Hey John,

The setup you propose is interesting — I’ll consider it from two perspectives. Firstly, as a philosophical question, and secondly, in a realistic format (with the technology we have available today).

Philosophical: If the interrogator were an intelligent machine, this is a sort of all-powerful sword vs. invincible shield situation (one claims a sword can puncture any shield, yet simultaneously claims a shield can deflect any sword). Assuming both machines (the player and the interrogator) are equally intelligent, I would say the interrogator would have a 50% chance of guessing the right person. This is what Turing’s rebuttals converge to as well; when machines are developed to the point of equal intelligence as humans, the interrogator, human or machine, could only guess randomly. When the machine player is truly intelligent it could either try to replicate a basic human response as possible or try to be more human in a sense by using cultural references and deeper aspects of language. However, since a machine interrogator would think the same way as a machine player, if the machine player stuck to only one strategy (either being a ‘normal human’ or being ‘more human’) the machine interrogator could simply infer which player was the machine based on which one acted more ‘normal’ or ‘more human’. The same applies for the human — the human player, who is unaware of which strategy the machine picks, may choose one strategy or another in the hopes of convincing the machine that they are the human. In the end, the interrogator must choose between which strategy — normality or ‘boosted humanity’ — yields which categorizations. It is random. However, I am not sure Turing would think this way. Your scenario is a fascinating idea. I suppose the only way to find out is to wait until AI becomes truly intelligent and try it out!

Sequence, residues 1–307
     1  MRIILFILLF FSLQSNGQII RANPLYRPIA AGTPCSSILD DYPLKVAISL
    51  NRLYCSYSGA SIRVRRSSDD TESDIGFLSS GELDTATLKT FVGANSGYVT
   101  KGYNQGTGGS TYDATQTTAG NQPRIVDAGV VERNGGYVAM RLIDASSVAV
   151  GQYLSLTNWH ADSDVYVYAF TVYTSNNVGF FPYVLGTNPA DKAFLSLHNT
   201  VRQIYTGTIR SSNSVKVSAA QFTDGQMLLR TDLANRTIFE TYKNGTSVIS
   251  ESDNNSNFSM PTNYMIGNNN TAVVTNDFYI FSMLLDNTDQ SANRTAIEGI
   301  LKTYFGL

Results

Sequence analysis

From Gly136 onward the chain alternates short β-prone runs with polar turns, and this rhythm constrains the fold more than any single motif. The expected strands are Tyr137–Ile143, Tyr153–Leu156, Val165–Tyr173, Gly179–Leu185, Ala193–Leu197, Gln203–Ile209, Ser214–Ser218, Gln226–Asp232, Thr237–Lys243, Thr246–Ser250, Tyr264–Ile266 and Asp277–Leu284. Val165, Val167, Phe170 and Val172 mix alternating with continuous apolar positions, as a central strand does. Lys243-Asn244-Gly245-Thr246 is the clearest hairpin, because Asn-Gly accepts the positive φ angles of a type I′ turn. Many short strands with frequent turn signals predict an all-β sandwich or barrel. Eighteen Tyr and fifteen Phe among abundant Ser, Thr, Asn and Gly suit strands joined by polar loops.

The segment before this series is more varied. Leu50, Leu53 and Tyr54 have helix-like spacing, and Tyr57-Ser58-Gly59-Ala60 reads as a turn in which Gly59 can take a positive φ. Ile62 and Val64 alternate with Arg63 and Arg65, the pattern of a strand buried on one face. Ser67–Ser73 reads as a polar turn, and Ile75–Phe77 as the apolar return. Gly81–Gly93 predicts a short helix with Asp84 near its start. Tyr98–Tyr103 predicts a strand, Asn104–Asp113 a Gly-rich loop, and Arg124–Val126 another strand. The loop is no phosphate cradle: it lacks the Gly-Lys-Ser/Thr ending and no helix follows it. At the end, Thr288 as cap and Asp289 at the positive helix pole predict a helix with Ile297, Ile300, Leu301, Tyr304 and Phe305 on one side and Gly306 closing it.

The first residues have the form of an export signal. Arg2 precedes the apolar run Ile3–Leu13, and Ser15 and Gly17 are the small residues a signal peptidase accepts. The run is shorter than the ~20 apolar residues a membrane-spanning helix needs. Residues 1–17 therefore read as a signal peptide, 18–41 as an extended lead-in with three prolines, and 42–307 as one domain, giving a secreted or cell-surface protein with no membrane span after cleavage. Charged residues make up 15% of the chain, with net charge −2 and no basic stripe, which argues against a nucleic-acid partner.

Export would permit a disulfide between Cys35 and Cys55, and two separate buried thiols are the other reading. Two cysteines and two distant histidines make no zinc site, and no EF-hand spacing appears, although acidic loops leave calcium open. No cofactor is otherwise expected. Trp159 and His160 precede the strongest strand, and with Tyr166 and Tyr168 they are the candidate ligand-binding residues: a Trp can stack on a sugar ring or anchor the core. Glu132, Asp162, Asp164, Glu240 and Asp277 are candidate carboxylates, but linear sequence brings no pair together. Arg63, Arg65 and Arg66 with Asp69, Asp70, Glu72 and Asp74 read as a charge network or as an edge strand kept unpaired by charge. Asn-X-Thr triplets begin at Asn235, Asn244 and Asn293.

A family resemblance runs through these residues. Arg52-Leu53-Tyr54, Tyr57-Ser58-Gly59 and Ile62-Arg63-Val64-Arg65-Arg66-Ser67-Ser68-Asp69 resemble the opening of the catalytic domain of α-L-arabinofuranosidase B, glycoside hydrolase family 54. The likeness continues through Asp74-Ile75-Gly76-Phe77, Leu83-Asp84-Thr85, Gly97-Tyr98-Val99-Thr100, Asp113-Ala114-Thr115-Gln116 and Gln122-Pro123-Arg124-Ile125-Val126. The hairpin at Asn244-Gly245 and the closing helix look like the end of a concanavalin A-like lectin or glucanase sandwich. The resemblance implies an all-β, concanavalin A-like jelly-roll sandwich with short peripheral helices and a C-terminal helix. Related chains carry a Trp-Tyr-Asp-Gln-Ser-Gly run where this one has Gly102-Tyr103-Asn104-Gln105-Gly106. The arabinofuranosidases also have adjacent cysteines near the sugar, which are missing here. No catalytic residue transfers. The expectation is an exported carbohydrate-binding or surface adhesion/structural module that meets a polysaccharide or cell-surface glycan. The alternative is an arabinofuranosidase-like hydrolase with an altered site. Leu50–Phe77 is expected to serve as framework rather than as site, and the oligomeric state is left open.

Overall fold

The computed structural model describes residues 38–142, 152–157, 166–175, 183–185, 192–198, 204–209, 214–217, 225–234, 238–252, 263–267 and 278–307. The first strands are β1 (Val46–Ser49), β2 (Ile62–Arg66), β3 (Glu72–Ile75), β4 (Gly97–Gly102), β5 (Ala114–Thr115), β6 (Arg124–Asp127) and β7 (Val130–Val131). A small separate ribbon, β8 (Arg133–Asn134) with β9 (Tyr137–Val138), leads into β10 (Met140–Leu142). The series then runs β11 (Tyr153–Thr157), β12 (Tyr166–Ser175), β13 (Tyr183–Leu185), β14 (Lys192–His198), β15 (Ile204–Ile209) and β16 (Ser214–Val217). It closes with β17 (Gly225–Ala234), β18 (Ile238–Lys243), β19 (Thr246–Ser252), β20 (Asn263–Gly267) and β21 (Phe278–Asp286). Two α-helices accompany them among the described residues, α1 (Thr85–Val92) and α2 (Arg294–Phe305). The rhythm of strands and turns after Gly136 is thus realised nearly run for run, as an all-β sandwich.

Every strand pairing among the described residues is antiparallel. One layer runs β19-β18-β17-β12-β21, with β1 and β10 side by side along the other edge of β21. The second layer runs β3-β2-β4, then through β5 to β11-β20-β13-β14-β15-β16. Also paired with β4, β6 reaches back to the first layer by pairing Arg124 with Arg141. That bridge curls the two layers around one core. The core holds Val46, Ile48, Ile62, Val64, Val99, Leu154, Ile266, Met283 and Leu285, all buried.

Realistic: As someone who’s worked with AI, especially in Natural Language Processing (NLP, a field of machine learning that deals with text comprehension), I would say that a machine interrogator could tell human from machine player close to 100% of the time simply because currently, machines are much better at classifying text (such as dividing into Republican or Democrat, male or female, introvert or extrovert, etc.) than at generating unique text. The machine player’s text would be easily identified as plain, whereas the human’s text could involve more appropriate uses of more complex aspects of language like cultural references or metaphors. Even if the machine player wanted to, with today’s technology it would be easy, especially for a machine player, to identify which player was human and which one was a machine.

I hope this response provided some insight into a possible answer to your scenario!



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